Volleyball During the Off Season

Sadie and the Lakeside volleyball team

Sadie Underwood, EMC Staff Writer

Making it to States is not as easy as it may seem. It takes lots of difficult, harsh, and tear-filled practices throughout the year. Our team goes through it all, from practicing on the sand court in the hot summer heat, to going to practices and tournaments every Sunday in the frigid winter. And yes, in our spandex. We use the off-season as a way to stay in shape, improve our skills, and prepare for the next year’s season, no matter which club we join. 

In the winter and spring months, most of us join club volleyball. Some of us join Lakeside, which is the Burnt Hills Club, or the Sacandaga team, or The Jaguars of Guilderland, or just the Galway WSVBC (Western Saratoga Volleyball Club) team. Some of these clubs start for girls who are only in third grade. However, the Galway club starts for sixth graders.

My first year of club was when I was in eighth grade, which really introduced me to the sport and got me interested in playing in high school. I still remember being tracked down by many of the varsity players, due to my height. Some followed me into the bathroom or came up to me in the library, persuading me to join even though I knew nothing about volleyball. That year I joined and played for our Galway club team, which is not very good compared to the others since many of our best players go to other clubs. However, we use it as a way to improve our skills. I was told that since I was the tallest on the team, I was going to play middle, the position that little did I know would become mine for the majority of high school.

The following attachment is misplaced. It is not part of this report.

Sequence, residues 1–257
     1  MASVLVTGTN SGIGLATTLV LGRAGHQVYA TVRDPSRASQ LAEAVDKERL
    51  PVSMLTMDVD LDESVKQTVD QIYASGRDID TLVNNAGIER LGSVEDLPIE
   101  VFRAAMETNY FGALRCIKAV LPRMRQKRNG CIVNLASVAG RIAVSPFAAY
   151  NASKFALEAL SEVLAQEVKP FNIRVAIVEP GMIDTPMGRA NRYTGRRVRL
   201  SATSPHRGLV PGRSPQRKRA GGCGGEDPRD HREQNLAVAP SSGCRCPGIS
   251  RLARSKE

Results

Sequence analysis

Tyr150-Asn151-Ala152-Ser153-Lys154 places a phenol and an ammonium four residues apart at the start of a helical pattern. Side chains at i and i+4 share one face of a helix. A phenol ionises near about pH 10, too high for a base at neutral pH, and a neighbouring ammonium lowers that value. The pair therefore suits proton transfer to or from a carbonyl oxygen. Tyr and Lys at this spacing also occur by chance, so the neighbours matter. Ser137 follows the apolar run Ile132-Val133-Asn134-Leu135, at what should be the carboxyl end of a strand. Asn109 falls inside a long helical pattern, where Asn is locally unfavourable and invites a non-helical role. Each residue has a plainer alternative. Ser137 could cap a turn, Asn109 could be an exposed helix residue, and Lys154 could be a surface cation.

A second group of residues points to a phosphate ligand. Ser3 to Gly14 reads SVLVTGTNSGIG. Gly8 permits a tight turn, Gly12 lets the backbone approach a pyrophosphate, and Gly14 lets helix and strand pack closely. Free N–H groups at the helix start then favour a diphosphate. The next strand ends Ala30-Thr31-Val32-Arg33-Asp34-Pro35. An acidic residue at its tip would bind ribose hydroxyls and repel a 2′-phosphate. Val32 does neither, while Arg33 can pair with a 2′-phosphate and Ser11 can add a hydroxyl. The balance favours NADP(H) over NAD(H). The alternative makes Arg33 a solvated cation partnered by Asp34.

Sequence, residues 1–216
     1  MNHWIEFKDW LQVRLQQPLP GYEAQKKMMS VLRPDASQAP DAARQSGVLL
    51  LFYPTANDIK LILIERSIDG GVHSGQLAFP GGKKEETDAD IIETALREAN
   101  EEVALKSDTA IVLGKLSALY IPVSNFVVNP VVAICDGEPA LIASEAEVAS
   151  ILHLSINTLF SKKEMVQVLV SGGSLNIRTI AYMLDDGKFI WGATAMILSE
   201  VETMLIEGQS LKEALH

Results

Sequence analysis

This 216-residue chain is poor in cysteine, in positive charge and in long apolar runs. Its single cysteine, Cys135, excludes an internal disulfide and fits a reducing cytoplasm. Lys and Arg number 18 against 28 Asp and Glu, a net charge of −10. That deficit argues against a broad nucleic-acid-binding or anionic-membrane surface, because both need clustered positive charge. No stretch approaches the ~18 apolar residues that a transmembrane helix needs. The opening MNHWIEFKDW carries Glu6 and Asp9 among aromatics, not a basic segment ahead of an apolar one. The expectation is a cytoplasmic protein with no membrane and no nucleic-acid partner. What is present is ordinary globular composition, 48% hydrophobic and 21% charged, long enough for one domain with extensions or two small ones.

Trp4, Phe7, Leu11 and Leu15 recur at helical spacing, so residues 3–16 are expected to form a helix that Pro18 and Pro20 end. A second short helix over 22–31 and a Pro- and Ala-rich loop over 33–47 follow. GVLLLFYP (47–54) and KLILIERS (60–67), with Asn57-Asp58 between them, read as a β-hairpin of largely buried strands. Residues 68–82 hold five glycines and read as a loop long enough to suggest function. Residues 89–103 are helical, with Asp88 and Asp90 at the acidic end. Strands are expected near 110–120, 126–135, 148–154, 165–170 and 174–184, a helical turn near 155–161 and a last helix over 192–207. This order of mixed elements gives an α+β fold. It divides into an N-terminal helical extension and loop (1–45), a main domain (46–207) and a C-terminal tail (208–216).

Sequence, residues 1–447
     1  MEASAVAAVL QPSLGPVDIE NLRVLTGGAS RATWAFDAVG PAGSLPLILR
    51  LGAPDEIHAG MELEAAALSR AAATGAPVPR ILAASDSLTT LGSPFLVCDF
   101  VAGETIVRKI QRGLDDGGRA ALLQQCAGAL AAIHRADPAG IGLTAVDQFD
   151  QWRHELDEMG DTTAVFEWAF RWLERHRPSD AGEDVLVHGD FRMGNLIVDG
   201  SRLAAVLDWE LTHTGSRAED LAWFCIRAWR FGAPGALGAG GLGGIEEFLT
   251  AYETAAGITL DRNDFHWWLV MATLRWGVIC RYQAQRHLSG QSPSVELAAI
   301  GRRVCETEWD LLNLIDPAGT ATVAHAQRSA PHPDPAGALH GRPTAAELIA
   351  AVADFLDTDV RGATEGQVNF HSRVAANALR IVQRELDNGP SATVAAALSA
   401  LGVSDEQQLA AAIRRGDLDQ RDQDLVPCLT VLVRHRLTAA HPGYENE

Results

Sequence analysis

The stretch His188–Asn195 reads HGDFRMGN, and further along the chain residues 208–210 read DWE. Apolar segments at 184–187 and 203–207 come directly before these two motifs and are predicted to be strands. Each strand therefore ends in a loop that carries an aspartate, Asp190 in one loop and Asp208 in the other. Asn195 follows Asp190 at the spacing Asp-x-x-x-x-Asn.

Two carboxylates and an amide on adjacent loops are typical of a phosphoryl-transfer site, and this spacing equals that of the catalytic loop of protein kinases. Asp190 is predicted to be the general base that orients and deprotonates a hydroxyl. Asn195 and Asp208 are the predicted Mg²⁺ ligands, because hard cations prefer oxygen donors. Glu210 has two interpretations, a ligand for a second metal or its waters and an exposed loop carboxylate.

I enjoyed playing on the team, being with all my friends, camping out with all of them at tournaments, and I loved my position. Club really prepared me for my first year ever playing during the Fall season on JV. This was my freshman year and since I did very well, the varsity coach, Coach Glenn, asked me to play club for Burnt Hills’ Lakeside team since they were more skilled, had more practices and tournaments, and he wanted to prepare me to play on varsity my sophomore year. My team did very well and we won many tournaments, which I was not used to. On the down side, even though I was the tallest, I was asked to play right side in order to block the outside hitter, or strongest hitter. At first I hated it, but towards the end I started to enjoy playing right side, which I later played my sophomore year. In addition, this was a travel team which is a lot different than the local team I was playing on for Galway. We went to tournaments in Hartford, Pittsburgh, Boston, and Rochester, along with the local tournaments and had practice Thursdays and Sundays. Though all this playing time made me a better player by teaching me a new position and put me on varsity my sophomore year, it took a lot of time and effort since we had to drive for hours on Fridays and stay at a hotel all weekend. Therefore, I switched back to the Galway WSVBC club this year. Playing with my team allows me to see their patterns and adapt to how they will play in the fall season, instead of like last year when I came back to Galway and had to learn an entirely new rotation and get used to my new team.